Methodist Healthcare Builds “Operational Backbone” With Automated Patient Flow

Updated on February 11, 2011

Methodist Healthcare, a six-hospital, 1800-bed system in San Antonio, TX, made patient flow improvement its top priority for FY2010 with spectacular results, including sharp growth in transfer center volume and major reductions in lost bed time, bed assignment time and ED diversions.

The prospect of federal stimulus money has prompted many U.S. healthcare providers to build out the so-called “digital backbone” of their institutions to accommodate EMRs. But one Texas health system opted to shore up the “operational backbone” of its facilities — patient flow.

And the return on investment has been immediate.

The Methodist Healthcare System serves 22 rural counties around San Antonio, with six hospitals, including a children’s hospital and a free standing emergency department. MHS features the nation’s top live donor kidney transplant center and paired kidney exchange, four stroke programs, an accredited chest pain center, round-the-clock neurosurgical/neurology coverage.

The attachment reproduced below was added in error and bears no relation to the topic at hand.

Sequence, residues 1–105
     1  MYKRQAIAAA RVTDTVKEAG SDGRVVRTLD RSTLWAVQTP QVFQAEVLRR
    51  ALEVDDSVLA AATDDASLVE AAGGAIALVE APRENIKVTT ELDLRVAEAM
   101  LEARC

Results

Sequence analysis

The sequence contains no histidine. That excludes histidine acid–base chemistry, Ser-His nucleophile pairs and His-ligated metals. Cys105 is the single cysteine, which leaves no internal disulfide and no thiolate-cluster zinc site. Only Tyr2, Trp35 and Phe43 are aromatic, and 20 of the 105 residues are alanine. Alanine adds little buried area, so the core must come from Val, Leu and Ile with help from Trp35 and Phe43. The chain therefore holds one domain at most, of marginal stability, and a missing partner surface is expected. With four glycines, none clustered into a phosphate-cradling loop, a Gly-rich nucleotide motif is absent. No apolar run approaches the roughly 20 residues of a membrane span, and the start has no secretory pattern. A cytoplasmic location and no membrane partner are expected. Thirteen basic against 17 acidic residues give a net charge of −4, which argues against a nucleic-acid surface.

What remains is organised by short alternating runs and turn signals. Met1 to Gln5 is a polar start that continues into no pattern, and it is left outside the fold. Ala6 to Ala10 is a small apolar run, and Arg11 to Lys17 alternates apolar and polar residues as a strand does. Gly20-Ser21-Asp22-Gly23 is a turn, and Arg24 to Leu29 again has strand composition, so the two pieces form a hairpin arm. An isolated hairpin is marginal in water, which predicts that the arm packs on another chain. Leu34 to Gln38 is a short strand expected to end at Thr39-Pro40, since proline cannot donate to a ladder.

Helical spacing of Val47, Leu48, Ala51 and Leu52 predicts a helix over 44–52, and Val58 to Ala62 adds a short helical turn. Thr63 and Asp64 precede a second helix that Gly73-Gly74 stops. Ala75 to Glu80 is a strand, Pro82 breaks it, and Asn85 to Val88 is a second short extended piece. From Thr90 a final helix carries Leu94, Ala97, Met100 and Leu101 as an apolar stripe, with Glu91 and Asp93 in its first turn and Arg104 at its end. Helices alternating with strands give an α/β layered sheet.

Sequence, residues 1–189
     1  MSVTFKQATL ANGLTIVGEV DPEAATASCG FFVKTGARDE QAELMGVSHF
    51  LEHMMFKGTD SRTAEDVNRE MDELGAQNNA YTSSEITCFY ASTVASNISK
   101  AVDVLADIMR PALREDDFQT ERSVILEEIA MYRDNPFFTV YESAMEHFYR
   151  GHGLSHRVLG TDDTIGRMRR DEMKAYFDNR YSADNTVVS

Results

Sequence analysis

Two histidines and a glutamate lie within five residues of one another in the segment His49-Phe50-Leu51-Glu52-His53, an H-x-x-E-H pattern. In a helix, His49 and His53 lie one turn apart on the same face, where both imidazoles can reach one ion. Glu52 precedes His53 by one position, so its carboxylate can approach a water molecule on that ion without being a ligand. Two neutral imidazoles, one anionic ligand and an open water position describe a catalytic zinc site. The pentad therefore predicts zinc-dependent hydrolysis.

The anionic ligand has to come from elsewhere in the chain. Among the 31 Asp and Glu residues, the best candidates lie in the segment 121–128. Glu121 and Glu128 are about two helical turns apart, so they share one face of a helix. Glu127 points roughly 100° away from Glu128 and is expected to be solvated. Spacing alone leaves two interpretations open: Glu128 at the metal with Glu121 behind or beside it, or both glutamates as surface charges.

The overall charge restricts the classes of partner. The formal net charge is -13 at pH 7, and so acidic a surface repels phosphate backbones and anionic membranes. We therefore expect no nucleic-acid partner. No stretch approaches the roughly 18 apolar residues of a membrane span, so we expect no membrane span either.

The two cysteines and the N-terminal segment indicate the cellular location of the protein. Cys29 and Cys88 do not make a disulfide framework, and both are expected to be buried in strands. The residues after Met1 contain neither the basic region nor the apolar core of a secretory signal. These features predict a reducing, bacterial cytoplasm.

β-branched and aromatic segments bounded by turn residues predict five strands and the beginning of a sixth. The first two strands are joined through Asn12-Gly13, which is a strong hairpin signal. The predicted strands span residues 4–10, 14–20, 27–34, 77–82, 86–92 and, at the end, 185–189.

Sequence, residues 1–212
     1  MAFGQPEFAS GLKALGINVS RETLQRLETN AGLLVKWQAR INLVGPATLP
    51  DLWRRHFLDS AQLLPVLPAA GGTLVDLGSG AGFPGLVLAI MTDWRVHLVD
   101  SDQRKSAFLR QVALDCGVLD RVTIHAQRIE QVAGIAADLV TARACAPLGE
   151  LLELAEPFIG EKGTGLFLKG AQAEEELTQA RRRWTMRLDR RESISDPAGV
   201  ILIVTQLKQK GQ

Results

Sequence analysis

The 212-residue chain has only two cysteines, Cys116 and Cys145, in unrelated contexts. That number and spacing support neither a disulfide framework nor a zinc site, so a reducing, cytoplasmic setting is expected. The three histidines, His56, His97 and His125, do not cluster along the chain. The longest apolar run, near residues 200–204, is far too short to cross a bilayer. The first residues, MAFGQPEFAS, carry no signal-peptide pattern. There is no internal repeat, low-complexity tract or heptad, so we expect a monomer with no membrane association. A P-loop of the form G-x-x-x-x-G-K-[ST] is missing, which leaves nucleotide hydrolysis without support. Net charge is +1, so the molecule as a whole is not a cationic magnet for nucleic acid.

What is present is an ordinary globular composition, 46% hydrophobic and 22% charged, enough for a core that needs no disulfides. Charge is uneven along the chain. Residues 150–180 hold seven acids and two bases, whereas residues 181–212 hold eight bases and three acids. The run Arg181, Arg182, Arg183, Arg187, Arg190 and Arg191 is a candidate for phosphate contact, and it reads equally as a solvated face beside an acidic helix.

In the early 2000s, the system was experiencing an increase in patient congestion, which was not surprising given the growing needs of its service area. But a closer look revealed that, for all concerned, congestion was more than a matter of inconvenience.

Emergency room diversions had reached 600 hours per month. Average patient placement time was seven hours and ED hold hours were on the increase. A home-grown electronic request system yielded no real-time data and patients’ isolation status was not being effectively communicated to hospital personnel. Departmental “silos” produced constant communication breakdowns. The slowdowns were delaying care to patients, costing the system business and leaving physicians, employees and families dissatisfied.

Making patient flow the priority

Methodist’s first step in correcting the problem was to institute an enterprise-wide multidisciplinary throughput steering committee to lead all patient throughput initiatives for MHS. Then it created an executive level office to direct each initiative. To underscore the enterprise importance of improving patient flow, MHS leadership adopted it as the No. 1 priority for fiscal 2010 and named Susan Sewell vice president of patient management.